There has been a distinct change in you-deeper inward vitality, strength and clarity-keep it-let it function-give it an opportunity to flow extensively and deeply. Don’t, whatever happens, be smothered by circumstances, by the family-by your own physical condition. Eat properly, exercise, and don’t become slack. Having come to a certain state, keep going, don’t stay there-either go forward or you retrogress. You can’t be static. You have ridden on the inward wave for so many years, withdrawn, inward, but now from that inward movement you must go out-meet more people-expand.

Have done a great deal of meditation and has been good. I hope you are doing it too-begin by being aware of every thought-feeling-all day, the nerves and the brain-then become quiet, still-this is what cannot be done through control-then really begins meditation. Do it without thoroughness.

Whatever happens don’t let the body shape the nature of the mind-be aware of the body, eat right, be by yourself during the day for some hours-don’t slip back and don’t be a slave to circumstances. Be tremendous-be awake.

Letter 17

From the book "Letters to a young friend"

It is good to experiment with identification. How do we experiment with anything? From the most simple to the most complex. We say this is mine-my sandals, my house, my family, my work, and my god; with identification comes the struggle to hold. Containing it becomes a habit. Any disturbance which might brake the habit is pain, and then we struggle to overcome that pain. But identification, the feeling of the mine, belongs to something that continues. If one really experiments with this, just being aware, without any desire to alter or choose, one discovers so many astonishing things in oneself. The mind is the past, the tradition, the memories which are the foundation of identification. Can the mind, as we know it now, function, without this process of identification? Find out, play with it; be aware of the movements of identification with the common daily things, with the most abstract. One finds out odd things, how thought fades, how it plays tricks upon itself.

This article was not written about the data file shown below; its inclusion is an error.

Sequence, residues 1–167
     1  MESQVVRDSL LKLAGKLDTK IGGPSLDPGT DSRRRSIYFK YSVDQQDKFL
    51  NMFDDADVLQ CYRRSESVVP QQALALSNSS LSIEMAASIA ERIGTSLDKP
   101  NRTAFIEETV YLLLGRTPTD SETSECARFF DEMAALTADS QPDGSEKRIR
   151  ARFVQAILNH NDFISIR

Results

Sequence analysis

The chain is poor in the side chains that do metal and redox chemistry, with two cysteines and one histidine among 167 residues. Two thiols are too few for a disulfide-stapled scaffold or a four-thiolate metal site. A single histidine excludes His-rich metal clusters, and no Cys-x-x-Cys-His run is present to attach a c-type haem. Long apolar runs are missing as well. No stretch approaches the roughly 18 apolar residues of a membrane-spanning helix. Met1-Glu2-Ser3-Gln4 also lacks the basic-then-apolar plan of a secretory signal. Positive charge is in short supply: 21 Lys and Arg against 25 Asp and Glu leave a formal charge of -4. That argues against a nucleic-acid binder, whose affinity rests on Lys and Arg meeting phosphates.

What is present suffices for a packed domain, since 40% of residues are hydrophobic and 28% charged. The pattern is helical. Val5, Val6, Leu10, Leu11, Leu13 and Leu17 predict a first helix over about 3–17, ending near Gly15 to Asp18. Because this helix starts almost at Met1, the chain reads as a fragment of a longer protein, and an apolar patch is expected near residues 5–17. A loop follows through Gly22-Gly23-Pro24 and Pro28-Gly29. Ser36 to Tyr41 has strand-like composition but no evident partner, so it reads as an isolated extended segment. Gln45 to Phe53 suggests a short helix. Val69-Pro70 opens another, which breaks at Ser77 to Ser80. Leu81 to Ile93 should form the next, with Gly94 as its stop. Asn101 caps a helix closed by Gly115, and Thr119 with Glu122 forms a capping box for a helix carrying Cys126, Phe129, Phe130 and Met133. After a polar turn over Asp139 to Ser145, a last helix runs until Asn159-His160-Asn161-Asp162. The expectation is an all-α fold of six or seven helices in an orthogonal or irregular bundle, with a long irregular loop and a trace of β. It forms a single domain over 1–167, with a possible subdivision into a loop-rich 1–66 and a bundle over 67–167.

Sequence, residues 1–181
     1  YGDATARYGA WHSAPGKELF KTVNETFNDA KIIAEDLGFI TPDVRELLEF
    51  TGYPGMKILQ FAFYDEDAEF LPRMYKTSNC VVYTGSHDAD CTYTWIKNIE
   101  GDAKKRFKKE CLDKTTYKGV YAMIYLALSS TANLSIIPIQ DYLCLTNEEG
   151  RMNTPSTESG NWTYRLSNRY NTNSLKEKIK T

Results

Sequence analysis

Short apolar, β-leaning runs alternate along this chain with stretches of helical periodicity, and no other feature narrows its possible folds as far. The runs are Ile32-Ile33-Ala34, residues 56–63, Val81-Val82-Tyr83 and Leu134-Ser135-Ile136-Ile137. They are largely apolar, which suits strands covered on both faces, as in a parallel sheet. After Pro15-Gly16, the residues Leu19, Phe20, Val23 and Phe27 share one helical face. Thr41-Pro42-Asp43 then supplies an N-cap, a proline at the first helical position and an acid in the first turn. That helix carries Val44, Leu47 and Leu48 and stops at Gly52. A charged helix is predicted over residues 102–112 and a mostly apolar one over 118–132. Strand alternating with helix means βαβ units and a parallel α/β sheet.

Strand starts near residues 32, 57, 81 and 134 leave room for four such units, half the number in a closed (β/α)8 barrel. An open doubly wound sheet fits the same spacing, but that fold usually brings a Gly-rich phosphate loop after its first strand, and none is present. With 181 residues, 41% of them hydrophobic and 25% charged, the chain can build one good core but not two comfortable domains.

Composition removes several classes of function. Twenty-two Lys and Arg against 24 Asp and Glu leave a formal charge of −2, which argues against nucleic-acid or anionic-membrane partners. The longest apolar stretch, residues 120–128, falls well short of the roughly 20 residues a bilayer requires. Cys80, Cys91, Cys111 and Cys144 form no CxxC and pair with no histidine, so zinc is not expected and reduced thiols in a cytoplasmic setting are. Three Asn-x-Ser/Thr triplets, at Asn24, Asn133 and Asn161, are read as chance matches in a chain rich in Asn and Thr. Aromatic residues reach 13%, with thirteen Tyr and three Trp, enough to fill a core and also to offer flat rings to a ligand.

Let awareness pursue thought through the corridors of the mind, uncovering, never choosing, ever pursuing.

It is especially difficult, as one is placed, not to desire, crave for certain things, happenings; not to compare. But whatever the condition, desires, cravings, comparisons continue. We always crave for more or for less, for continuity of some pleasure and the avoidance of pain. What is really interesting is this: Why does the mind create a center, within itself, round which it moves and has its being? Life is a thousand and one influences, innumerable pressures, conscious and unconscious. Among these pressures an influences, and choose some and discard others, and so we gradually build up a center. We don’t let all these pressures and influences pass by, unaffected by them. Every influence, every pressure affects us, the effect is called good or bad, we don’t seem to be able to watch, to be aware of pressure, and not take part in it one way or the other, resisting it or welcoming it. This resistance or welcome makes for the center from which we act. Can the mind not create this center? The answer can only be found through experimentation, not through any form of assertion or denial. Se experiment and find out. With the ending of this center there is true freedom.

Letter 16

From the book "Letters to a young friend"

How is everything? Are your days swifter than a weaver’s shuttle? Do you live in one day, a thousand years? It is strange, for most people boredom s a very real thing; they must be doing something, be occupied with something, an activity, a book, the kitchen, children, or God. Otherwise they are with themselves which is very boring. When they are with themselves they get self-centered, crochety, or become ill and ill-humored. An unoccupied mind-not a negative black mind, but an alert passive mind, a totally empty mind-is a sweet thing, capable of infinite possibilities. Thoughts are wearisome, uncreative, and rather dull. A thought may be clever, but cleverness is a sharp instrument-it soon wears itself out, and that is why clever people are dull.

Let there be an unoccupied mind without deliberately working for it. Let it happen than cultivate it. Read this with awareness and let it take place. Hearing it or reading about the unoccupied mind is important, and how you read and how you listen.